Science is a bit more on the resource side. We have the National Geographic science curriculum, which I mostly like. However, it's very reading-heavy and after a couple days that gets incredibly boring. I always plan with a lot of hands-on, inquiry-based activities and use the books as supplemental learning or to solidify vocab. Social Studies has no curriculum, though the district has unit outlines within our GVC/pacing guide and those are usually a good starting point (I taught very few of those lessons as-written though; some were dead boring).

    I LOVE the autonomy teachers have in my district. I've subbed in the other nearby districts and they have scripted curriculum for everything, and it's just... kinda boring most of the time. Obviously teachers do a lot that they don't leave for subs, but I don't know that I would like having every subject just handed to me. I enjoy planning at least part of the day or week. This summer I'm hoping to do some unit planning so I have less weekly planning to do, but even that is just because I enjoy doing it. My job right now as an interventionist has me using the LLI curriculum, and it's honestly a little bit stifling. I'm bored out of my mind because I don't get to plan any of it. My "prep" for the week consists of about 5 minutes of printing pages, and then a few minutes swapping out folders from the kit. The only good thing about it is that I have time now to work on my Master's.

    But I do really miss planning. And teaching other subjects. And having a classroom.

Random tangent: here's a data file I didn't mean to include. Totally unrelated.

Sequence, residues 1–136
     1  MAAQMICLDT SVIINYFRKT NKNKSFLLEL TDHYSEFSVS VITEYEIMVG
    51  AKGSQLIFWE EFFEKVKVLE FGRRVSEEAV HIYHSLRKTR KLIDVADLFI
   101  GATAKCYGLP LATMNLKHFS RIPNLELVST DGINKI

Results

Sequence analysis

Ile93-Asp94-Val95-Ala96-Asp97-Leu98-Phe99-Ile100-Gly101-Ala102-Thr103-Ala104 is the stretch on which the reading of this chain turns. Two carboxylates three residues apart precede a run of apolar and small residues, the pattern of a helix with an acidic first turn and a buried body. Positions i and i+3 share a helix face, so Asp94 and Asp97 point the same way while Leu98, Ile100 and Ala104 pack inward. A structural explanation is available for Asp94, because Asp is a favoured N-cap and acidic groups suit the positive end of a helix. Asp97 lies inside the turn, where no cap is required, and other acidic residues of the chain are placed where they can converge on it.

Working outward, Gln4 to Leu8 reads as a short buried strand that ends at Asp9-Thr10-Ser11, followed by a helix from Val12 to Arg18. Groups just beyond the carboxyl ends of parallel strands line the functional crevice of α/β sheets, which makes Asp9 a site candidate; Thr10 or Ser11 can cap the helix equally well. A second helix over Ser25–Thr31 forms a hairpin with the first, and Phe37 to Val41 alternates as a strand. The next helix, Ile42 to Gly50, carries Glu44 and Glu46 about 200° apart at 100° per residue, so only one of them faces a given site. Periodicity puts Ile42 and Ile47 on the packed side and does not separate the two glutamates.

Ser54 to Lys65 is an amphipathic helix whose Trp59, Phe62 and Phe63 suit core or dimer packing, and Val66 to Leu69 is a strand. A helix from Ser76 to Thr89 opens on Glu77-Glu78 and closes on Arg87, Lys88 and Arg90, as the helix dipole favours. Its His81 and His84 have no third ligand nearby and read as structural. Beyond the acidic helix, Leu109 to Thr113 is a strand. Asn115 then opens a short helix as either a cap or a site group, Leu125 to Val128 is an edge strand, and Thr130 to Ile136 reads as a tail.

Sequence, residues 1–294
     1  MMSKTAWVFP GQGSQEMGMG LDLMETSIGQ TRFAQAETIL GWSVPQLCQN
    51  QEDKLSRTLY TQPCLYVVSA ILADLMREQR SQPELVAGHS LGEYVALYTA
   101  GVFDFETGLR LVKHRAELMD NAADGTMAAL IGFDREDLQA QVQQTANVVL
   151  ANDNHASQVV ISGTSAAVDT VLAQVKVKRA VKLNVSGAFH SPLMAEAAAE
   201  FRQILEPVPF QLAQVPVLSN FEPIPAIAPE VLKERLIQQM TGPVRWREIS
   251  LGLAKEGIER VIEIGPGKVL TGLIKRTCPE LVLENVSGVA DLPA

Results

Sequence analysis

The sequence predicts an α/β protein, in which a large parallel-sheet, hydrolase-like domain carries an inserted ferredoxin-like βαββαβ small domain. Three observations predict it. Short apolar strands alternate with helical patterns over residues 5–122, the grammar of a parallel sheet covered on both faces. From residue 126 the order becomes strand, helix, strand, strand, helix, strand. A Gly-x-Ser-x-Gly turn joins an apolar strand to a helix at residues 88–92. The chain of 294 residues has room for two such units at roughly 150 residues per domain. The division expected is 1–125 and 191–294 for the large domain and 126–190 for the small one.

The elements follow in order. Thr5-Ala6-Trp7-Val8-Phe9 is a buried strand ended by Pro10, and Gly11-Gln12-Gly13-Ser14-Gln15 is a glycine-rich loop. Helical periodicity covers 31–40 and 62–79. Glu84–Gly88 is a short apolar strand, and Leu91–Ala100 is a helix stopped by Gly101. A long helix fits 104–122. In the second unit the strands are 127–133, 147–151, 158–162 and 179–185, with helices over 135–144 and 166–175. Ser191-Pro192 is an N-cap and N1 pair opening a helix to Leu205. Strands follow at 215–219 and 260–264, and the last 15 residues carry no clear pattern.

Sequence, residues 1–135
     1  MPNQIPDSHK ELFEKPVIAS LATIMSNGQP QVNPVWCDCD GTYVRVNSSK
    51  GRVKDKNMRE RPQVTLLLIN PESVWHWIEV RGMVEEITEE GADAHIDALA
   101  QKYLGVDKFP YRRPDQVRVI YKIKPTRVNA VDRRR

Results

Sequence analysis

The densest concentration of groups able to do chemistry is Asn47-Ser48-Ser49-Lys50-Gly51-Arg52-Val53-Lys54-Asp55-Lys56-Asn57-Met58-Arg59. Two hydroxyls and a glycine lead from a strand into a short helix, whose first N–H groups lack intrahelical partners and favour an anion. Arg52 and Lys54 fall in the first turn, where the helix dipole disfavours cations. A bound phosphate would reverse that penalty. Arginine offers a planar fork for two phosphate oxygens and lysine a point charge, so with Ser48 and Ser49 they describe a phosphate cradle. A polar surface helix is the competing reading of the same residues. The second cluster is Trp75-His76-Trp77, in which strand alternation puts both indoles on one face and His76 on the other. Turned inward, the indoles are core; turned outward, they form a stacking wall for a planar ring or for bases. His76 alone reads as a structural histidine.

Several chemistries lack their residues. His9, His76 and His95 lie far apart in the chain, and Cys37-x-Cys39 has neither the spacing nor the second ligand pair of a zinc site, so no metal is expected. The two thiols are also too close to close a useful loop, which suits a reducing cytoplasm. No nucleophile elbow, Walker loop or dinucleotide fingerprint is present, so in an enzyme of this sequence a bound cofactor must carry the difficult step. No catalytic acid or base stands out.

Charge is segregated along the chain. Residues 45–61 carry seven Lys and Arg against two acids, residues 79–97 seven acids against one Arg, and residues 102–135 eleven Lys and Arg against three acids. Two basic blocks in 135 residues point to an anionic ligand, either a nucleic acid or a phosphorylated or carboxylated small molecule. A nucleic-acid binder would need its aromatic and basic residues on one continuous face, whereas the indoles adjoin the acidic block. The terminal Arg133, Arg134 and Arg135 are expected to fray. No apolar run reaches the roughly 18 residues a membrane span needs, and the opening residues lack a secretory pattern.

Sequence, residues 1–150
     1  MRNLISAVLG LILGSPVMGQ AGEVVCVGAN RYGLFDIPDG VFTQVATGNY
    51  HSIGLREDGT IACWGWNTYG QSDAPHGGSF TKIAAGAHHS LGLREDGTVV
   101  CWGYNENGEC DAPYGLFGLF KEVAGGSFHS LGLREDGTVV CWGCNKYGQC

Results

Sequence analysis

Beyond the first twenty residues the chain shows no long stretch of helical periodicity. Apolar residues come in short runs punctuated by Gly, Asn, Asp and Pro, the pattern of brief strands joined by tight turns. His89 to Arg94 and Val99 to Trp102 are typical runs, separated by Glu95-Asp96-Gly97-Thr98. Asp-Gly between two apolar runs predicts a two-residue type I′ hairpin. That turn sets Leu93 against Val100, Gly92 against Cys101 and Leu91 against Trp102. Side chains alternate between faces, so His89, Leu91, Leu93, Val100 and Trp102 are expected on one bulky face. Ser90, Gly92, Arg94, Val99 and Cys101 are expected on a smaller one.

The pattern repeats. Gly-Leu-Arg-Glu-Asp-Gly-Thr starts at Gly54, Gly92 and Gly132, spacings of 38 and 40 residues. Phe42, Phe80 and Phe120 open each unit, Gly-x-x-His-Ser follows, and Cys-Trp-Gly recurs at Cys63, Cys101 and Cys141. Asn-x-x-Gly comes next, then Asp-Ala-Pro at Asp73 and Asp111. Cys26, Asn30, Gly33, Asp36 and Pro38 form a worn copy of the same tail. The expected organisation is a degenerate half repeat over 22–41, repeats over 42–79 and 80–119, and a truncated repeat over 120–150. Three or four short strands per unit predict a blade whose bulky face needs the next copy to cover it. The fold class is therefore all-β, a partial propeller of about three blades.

17. miss-m

    miss-m Devotee

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    I can see that being true. Usually grammar and spelling are incorporated along with the reading, so it's a little more well-rounded (at least with a good curriculum).
     
  18. waterfall

    waterfall Maven

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    I've followed the exact same path. In one of my ST placements the teacher used a scripted intervention program and I was flat out horrified. It seemed very "boring" to me and I remember basically thinking how much better I could do. My first year, the sped director listed off a bunch of programs and asked if I had experience with any of them, and I was again horrified. I remember actually going to my principal within the first 2 weeks of school (I can't imagine doing this now- I guess being young and naive made me bold ;)) and telling her that I didn't become a teacher to read a script and that I wasn't going to use the canned curriculum. Unbeknownst to me at the time, she didn't get along with the sped director, so she told me to nod and smile and then do whatever I wanted!

    I'm 8 years in now and have always done my own thing, but this year my new P brought in a whole bunch of reading intervention programs. At first, I just used small bits, like just the decodable stories. When I started looking into the programs more, it was pretty much almost exactly the way I taught already doing "my own thing" ( guess I could have sold the waterfall intervention program for millions!)

    It's literally taken me until within the past month or so to get fully on board, but I'm finally really using the programs my P bought. Again, it's very similar to the way I already taught, BUT I don't have to spend time making my own materials or coming up with my own lists of words/sentences etc. I'm not reading from the script...I sometimes add or take away things, and I particularly like to make the activities more multisensory. I have also found over the years that my students seem happiest and most engaged when they feel successful, even if the activities may seem like they'd be "boring." When I was starting out I felt like everything had to be game-like or a dog and pony show production.